For a time, there was an ad that ran pretty frequently on daytime television for a book called, “The Doctors Book of Home Remedies,” and as a curious kid, I have to admit, I was enthralled.
Use butter on a burn!
Quiet a colicky baby by running the vacuum cleaner!
Swallow a teaspoon of sugar to stop the hiccups!
Bee sting? Use aspirin!
One of the big selling points of cures from books like these is that they’re “natural” solutions. We’re not taking some lab designed chemical to solve the problem. We’re using something that’s readily available in nature. Natural is usually considered to be safe among much of the population.
I should clarify here that I’m not against homeopathy, nor am I anti-pharmaceutical. I feel that health decisions are something that should be carefully considered by the individual with the advice of their medical doctor. If probiotics will improve your gut health, then yes please. If you need serious medication to lower your cholesterol, then follow your doctor’s directives. But anything that you’re going to put in your body, and your child’s body, should be evaluated for its efficacy and possible side effects, which is why I think we should take a look at melatonin supplements.
Melatonin has been touted by a lot of homeopathic experts as a safe, natural way of helping people get to sleep. Knowing the purpose of melatonin, that actually very true, but there’s a whole lot more to understand about it before you take it yourself or give it to your child.
The Scoop on Melatonin
What is melatonin specifically? It is a hormone that’s secreted from the pineal gland that helps to settle your body and mind down when it’s time to sleep.
How exactly your pineal gland does that is a very complicated process and involves more biology that I can possibly hope to understand, much less explain. But let’s just say that your pineal gland does its job very well, when you give it the opportunity to.
So in the simplest terms, melatonin is your brain’s way of drawing the curtains for the night. Cortisol is its counterpart, which opens them back up, and the two together make up a large part of what we call our “body clock,” which we will get to in a bit.
An important point here is that melatonin is not a traditional sleep aid. As Dr. Luis Buenaver, a sleep expert from Johns Hopkins explains it, “Your body produces melatonin naturally. It doesn’t make you sleep, but as melatonin levels rise in the evening [before bedtime] it puts you into a state of quiet wakefulness that helps promote sleep.”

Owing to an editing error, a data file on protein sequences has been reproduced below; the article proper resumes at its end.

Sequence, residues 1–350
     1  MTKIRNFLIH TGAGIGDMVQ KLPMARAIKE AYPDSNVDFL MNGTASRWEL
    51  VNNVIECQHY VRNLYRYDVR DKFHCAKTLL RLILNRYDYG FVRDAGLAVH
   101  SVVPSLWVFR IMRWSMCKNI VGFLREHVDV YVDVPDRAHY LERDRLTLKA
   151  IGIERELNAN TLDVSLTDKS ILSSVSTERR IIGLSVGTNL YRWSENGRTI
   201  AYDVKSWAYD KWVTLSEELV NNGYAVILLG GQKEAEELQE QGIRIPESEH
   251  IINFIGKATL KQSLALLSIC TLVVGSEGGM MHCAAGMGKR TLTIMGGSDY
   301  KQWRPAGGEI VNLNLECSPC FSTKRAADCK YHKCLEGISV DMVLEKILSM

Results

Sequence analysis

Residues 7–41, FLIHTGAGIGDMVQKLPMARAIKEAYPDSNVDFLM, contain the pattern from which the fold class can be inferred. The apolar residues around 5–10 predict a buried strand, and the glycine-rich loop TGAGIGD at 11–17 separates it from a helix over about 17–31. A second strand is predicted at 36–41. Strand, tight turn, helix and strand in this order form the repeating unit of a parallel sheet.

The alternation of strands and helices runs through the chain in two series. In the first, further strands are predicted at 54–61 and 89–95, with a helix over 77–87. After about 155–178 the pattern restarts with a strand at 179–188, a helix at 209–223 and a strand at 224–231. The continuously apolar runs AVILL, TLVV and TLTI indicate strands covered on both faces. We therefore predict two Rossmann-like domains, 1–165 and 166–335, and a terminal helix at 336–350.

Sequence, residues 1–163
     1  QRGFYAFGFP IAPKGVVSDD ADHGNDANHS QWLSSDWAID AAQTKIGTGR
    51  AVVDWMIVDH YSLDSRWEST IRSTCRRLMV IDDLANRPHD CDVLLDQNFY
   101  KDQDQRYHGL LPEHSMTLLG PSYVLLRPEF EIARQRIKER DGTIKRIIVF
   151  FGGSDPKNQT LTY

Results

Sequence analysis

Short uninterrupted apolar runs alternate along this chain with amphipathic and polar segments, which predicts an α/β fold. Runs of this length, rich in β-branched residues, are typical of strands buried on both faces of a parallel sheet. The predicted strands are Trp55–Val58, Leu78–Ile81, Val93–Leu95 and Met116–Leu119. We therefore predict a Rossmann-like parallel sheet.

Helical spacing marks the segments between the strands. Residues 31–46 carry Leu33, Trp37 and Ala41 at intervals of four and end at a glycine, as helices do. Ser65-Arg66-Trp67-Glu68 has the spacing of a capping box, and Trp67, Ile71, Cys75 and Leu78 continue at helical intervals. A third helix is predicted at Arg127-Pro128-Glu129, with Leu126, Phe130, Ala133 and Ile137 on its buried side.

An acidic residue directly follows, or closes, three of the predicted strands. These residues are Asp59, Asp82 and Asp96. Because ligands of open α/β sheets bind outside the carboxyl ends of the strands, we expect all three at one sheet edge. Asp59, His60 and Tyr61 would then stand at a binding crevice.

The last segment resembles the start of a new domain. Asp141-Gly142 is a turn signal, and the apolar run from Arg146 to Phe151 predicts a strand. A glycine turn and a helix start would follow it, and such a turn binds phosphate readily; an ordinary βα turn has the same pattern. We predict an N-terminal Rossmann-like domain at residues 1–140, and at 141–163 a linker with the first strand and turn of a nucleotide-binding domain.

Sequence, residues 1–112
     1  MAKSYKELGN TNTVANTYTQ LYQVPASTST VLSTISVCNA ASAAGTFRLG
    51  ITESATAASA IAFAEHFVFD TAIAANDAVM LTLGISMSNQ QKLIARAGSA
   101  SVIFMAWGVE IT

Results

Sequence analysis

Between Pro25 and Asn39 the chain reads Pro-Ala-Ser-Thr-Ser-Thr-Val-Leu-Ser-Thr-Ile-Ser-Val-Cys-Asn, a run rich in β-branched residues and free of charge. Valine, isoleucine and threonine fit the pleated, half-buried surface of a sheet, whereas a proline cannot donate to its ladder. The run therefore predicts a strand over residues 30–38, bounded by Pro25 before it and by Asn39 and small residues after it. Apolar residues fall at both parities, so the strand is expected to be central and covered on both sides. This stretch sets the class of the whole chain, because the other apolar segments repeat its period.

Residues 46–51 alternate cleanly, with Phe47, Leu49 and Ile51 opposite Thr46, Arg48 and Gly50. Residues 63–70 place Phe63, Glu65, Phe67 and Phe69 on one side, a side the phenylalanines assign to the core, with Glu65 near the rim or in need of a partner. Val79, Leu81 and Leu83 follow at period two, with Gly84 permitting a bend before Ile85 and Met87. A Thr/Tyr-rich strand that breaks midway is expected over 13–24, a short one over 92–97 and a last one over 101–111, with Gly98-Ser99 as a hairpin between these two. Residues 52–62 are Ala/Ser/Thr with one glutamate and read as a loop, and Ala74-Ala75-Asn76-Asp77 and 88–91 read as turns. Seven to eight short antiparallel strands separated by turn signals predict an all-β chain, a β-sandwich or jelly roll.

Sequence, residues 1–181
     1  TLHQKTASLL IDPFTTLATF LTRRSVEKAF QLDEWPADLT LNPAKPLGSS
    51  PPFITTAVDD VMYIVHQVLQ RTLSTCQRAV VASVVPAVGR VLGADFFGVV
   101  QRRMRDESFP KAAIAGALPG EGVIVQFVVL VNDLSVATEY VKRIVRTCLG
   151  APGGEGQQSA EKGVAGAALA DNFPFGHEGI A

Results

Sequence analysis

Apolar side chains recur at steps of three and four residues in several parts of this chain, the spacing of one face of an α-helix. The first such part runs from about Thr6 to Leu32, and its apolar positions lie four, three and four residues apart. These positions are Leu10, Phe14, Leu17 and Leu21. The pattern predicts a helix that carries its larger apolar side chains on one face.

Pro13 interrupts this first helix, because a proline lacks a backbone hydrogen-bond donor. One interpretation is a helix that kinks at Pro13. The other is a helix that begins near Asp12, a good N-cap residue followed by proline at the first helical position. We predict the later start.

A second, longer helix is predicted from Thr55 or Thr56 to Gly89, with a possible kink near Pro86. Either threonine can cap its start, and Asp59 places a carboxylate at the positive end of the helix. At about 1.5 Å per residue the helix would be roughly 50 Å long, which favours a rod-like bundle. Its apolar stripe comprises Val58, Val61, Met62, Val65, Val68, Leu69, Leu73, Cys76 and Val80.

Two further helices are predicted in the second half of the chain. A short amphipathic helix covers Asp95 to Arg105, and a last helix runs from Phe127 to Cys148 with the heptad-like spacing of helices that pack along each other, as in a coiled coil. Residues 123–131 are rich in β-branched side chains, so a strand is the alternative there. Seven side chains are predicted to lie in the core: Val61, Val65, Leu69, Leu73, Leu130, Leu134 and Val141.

Light is the Key
How does our body know when to start producing melatonin? It uses light. Or the lack thereof. When your environment starts to get dark, the body recognizes the onset of night, and gets the melatonin pumps up and running. That worked perfectly for centuries, until we invented the light bulb. And the television. And the smart phone. And the laptop. See where I’m going with this?
Nowadays, our eyes are flooded with so much artificial light that it can be difficult for our brains to determine when night is actually happening, and it can interfere with melatonin production. That can mess up our body clocks and contribute to insomnia.
Now, in some cases, jet-lag and shift work being the biggest two culprits of throwing the body clock off-kilter, a melatonin supplement can help reset our body clocks if they’ve been thrown out of whack, but it’s not a solution to sleep issues. Additionally, women who are pregnant also commonly deal with sleep issues and want to know if taking melatonin is safe to take. There is a great write up on Mom Loves Best for women who are pregnant curious about taking melatonin supplements while pregnant.
My first piece of advice to people who are having trouble sleeping is to turn off their screens a couple of hours before bed, turn down the house lights, and come up with a bedtime routine. Let your body know that it’s time to sleep, and it’ll do much of the leg work for you. Side note: This is not the case for diagnosed insomniacs. People with psychological or physical conditions that inhibit their sleep should work with their physicians to help them overcome their sleep challenges.